• /***** WLIDE - URL : http://www.w3schools.com/webservices/tempconvert.asmx?op=CelsiusToFahrenheit - ID:2 *****/ //This is the main test page of our web services wlGlobals.GetFrames = false wlHttp.Header["Referer"] = "http://www.w3schools.com/webservices/tempconvert.asmx" wlHttp.FormData["op"] = "CelsiusToFahrenheit" wlHttp.Get("http://www.w3schools.com/webservices/tempconvert.asmx") /***** WLIDE - Sleep - ID:3 *****/ Sleep(6149) /***** WLIDE - URL : http://www.w3schools.com/webservices/tempconvert.asmx/CelsiusToFahrenheit - ID:4 *****/ //This is the call to one of the web services wlHttp.Header["Referer"] = "http://www.w3schools.com/webservices/tempconvert.asmx?op=CelsiusToFahrenheit" wlHttp.ContentType = "application/x-www-form-urlencoded" wlHttp.FormData["Celsius"] = "30" //Note the hard coded parameter in the recording wlHttp.Post("http://www.w3schools.com/webservices/tempconvert.asmx/CelsiusTo Fahrenheit") We now have to turn this specific agenda into a framework agenda. We do this by wrapping the call with a function and extracting all the parameters as arguments to that function. We also need to extract the result from the response, which in our sample is the first element in the XML. Once we are done we should use the SAVE AS option in the file menu to save this file in the include directory (see deployment issues later in this document). The following code shows the recorded agenda converted to a function: function CelsiusToFahrenheit(Celsius) { wlGlobals.GetFrames = false wlHttp.Header["Referer"] = "http://www.w3schools.com/webservices/tempconvert.asmx?op=CelsiusToFahrenheit" wlHttp.ContentType = "application/x-www-form-urlencoded" wlHttp.FormData["Celsius"] = Celsius //Note the hard coded parameter replaced with function param wlHttp.Post("http://www.w3schools.com/webservices/tempconvert.asmx/CelsiusTo Fahrenheit") //Extract the results return document.wlXmls[0].documentElement.firstChild.nodeValue } We are done! We now have the first service implemented as a system API proxy agenda. We now repeat this process for every service we want to implement. Building The API Abstraction Layer We move on now to building the second layer, which is the API abstraction layer. WebLOAD is based on open standards of web development and uses JavaScript as its main programming language. As an Object Oriented Programming (OOP) language, JavaScript allows you to define your own objects and make your own variable types. 10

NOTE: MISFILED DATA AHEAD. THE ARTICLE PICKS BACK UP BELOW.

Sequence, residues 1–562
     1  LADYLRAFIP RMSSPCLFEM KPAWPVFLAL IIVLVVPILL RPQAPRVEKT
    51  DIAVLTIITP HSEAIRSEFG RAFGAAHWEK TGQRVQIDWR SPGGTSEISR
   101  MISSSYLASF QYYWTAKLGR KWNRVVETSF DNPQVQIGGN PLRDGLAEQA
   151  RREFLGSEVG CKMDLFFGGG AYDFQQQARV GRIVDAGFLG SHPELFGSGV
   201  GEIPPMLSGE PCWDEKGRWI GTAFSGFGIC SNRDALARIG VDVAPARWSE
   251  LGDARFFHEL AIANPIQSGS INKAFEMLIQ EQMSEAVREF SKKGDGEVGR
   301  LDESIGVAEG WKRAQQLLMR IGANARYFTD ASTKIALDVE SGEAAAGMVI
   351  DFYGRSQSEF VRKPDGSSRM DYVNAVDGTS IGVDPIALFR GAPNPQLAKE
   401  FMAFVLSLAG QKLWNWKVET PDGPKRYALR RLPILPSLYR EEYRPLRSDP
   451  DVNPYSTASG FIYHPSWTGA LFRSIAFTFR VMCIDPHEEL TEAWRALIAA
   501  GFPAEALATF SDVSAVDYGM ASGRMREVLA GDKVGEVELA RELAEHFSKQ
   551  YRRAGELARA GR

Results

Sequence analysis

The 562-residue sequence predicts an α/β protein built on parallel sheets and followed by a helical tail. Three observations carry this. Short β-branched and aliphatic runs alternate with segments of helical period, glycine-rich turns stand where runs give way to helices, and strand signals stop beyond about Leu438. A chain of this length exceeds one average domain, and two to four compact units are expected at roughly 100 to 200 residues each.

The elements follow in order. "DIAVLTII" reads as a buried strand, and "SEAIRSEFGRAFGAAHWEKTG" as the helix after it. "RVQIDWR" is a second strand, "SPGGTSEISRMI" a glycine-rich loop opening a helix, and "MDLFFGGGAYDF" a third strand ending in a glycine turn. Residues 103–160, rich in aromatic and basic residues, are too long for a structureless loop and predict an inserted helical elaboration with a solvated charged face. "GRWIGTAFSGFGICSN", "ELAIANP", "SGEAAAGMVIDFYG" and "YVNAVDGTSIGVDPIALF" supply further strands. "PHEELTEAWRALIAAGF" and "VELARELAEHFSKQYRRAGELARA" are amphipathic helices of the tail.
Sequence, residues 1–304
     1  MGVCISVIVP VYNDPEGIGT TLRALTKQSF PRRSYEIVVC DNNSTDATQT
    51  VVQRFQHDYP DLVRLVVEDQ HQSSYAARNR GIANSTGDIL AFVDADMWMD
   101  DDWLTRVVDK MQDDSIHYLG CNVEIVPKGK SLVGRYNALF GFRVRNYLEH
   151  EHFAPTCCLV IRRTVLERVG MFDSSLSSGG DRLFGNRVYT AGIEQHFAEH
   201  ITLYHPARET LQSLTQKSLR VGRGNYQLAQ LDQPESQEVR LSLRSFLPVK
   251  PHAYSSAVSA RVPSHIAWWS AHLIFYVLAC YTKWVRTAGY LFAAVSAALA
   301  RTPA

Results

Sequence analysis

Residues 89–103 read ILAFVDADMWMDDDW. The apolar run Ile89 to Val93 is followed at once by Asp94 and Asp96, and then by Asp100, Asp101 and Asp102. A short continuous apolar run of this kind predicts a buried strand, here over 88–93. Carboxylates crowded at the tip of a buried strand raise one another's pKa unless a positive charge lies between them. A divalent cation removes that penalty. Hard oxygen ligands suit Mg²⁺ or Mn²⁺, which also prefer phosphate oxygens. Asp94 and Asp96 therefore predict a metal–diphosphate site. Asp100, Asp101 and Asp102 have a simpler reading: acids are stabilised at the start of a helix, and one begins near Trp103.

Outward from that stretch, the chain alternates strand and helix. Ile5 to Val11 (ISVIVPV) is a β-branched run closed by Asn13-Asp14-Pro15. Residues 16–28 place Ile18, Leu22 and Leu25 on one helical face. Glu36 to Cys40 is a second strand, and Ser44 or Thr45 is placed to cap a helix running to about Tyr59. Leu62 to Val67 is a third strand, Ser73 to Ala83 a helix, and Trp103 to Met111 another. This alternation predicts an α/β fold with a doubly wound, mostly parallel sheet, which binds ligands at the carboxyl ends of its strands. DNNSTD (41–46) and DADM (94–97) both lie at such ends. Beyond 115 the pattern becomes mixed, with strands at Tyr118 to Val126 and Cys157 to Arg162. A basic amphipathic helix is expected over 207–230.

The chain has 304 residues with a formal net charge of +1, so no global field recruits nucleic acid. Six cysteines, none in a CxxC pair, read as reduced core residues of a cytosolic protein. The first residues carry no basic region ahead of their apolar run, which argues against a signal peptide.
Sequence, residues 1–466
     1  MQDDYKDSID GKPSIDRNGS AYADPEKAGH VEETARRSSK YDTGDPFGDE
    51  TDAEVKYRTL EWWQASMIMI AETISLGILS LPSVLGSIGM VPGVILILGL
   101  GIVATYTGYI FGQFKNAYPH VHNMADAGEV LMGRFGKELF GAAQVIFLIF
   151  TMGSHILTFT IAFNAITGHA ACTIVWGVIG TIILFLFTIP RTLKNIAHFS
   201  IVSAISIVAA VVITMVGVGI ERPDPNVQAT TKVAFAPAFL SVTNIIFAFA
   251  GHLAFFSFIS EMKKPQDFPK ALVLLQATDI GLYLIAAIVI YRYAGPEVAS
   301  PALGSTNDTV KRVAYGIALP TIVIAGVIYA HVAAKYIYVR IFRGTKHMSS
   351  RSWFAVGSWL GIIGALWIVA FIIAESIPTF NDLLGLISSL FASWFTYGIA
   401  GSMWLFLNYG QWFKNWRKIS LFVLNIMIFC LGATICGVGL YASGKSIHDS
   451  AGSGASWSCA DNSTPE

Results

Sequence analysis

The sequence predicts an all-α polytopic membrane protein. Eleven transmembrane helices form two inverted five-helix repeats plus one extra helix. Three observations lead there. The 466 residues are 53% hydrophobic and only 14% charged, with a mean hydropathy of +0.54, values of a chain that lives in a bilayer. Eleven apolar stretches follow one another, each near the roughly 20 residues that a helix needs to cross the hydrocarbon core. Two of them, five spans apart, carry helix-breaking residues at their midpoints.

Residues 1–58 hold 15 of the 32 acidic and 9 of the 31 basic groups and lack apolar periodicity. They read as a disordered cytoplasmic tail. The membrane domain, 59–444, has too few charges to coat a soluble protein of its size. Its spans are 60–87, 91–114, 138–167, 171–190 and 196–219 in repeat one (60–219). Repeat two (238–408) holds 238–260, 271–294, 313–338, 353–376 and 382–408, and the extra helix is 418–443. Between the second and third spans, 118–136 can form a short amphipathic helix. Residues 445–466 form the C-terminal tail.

• All that’s required to build the API abstraction layer is to declare an object with a method and to implement it in a separate agenda file. We will start by creating the object and defining its methods. Our object does not need parameters during construction, so the creation of the object is just a function with no parameters. The following code shows the API abstraction layer object creation: //=============================This is stored in a FrameworkSample-AbsAPI.js /***API Abstraction layer ***/ IncludeFile("FrameworkSample-ProxyAPI.js", WLExecuteScript) function TemperatureConvertor() { this.ConvertCelsiusToFahrenheit = function (Celsius) { try { return CelsiusToFahrenheit(Celsius) } catch (e) { warningMessage("CelsiusToFahrenheit returned an error") } } As noted before this is a very simplified sample of the abstraction layer. In its place, you can implement any object oriented design practice, for example storing the account number between calls as a property, reporting errors in a centralized manner etc. How to Deploy the Framework in Your Testing Lab Our testing framework makes use of WebLOAD’s ability to split the agenda into different files and include them in runtime. It is important to understand the search order WebLOAD uses when looking for a given include file. 11